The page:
Our bodies are teeming with life. Not just our own but that of over 1 trillion microorganisms which outnumber our bodily cells 10 to 1. In our GI tract alone, there are up to 400 – 500 species of bacteria.
There’s good bacteria and bad bacteria. For us to experience good health, an ideal balance to strike is 85% good and just 15% bad. If harmful bacteria increase, more toxic products are able to be absorbed by the digestive organs and the blood. Over prolonged periods, this can lead to premature aging, inflammation and organ failure.
Probiotics help the body achieve that much-desired healthy balance. We can ingest them from the food we eat (especially fermented foods like cheese, yogurt, kimchi) and from supplements. But how exactly do probiotics benefit their host?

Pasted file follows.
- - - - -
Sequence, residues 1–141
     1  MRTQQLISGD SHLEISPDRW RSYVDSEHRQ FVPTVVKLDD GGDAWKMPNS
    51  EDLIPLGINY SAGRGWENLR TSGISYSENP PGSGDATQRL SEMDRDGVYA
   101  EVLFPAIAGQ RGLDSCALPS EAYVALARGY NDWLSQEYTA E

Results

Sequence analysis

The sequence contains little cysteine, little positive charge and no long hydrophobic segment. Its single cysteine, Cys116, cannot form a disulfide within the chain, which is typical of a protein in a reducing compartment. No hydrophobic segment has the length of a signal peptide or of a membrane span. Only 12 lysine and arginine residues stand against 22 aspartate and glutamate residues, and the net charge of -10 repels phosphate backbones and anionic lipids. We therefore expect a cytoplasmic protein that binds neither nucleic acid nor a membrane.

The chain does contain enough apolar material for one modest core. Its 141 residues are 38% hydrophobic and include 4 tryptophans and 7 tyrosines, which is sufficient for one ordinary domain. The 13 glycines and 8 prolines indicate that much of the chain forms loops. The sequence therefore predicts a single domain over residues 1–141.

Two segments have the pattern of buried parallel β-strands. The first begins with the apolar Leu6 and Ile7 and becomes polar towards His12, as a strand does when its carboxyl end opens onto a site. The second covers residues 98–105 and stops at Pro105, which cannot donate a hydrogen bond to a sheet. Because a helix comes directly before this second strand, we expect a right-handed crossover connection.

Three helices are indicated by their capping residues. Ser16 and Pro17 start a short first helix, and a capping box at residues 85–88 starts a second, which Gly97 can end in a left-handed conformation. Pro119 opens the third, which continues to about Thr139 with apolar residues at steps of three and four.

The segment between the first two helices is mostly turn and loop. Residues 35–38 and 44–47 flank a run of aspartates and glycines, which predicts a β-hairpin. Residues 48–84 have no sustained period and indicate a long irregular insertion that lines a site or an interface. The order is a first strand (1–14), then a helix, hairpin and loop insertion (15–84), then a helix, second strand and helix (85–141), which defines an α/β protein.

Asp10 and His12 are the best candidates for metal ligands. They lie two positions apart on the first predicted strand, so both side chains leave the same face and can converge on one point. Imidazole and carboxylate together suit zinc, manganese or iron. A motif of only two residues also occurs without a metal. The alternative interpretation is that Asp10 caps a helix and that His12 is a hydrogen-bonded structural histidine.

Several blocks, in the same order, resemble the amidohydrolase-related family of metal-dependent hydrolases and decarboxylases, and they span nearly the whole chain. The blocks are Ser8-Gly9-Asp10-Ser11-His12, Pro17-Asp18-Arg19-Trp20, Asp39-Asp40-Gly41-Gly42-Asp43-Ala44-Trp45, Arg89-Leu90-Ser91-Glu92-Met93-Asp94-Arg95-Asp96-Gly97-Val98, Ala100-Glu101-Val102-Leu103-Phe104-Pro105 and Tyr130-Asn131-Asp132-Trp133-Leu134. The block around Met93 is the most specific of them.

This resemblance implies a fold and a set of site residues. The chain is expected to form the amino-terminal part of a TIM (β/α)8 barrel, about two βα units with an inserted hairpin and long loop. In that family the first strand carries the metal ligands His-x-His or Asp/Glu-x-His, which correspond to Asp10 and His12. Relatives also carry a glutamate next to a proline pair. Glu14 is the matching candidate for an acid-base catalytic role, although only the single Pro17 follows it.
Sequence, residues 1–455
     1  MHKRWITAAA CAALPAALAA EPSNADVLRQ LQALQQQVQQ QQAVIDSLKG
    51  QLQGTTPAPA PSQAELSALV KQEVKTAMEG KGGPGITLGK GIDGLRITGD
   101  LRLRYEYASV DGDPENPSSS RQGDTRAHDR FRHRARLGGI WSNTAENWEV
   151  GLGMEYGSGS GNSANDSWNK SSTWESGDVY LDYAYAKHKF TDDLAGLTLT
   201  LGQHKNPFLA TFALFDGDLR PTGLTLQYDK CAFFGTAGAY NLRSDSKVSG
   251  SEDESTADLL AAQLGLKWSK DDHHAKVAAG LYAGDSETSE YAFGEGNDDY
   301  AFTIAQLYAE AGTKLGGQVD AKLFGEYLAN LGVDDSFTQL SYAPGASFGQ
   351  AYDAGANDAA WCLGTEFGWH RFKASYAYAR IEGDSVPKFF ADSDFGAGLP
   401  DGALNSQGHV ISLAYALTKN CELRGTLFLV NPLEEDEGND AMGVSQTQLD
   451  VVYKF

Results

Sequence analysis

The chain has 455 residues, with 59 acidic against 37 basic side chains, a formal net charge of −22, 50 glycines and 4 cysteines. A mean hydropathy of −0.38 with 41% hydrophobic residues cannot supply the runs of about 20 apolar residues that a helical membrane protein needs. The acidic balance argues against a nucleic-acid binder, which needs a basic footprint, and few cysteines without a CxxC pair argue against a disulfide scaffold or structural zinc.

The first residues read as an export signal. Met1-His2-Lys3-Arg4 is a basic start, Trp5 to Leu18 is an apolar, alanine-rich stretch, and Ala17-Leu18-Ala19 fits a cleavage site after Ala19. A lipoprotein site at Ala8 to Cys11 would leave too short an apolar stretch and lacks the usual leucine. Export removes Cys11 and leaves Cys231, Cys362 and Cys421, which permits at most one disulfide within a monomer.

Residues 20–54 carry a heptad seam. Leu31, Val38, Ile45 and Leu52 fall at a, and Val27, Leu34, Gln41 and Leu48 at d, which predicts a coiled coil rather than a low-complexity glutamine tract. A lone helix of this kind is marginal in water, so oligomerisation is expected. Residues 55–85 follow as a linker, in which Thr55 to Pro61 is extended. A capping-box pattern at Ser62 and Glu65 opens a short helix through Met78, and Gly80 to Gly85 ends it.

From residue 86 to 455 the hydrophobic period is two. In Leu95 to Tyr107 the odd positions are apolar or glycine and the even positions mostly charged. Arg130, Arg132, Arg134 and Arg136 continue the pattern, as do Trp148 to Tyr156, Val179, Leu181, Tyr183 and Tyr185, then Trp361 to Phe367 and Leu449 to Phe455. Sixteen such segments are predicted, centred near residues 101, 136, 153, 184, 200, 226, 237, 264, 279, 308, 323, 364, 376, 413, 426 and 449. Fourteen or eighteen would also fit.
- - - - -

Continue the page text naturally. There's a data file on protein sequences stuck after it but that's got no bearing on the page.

First, they compete with harmful bacteria for nutrients. Second, they provide useful end products that enhance the pH balance in the colon such as acids, lactase, B vitamins and substances with natural antibiotic properties. Probiotics form a defensive barrier between pathogens and the intestinal mucosa. They also act as decoys by drawing pathogens away from adhering to the colon. (Think of it as a garbage sorting and disposal system). Lastly, probiotics enhance the host’s metabolism by breaking down sugar-related molecules. This is essential as, otherwise, waste would collect in the GI.
It is clear that the proliferation of good bacteria helps reduce and / or prevent infection and disease. And there is significant growth potential for helpful probiotic supplements to be used in a variety of medical fields.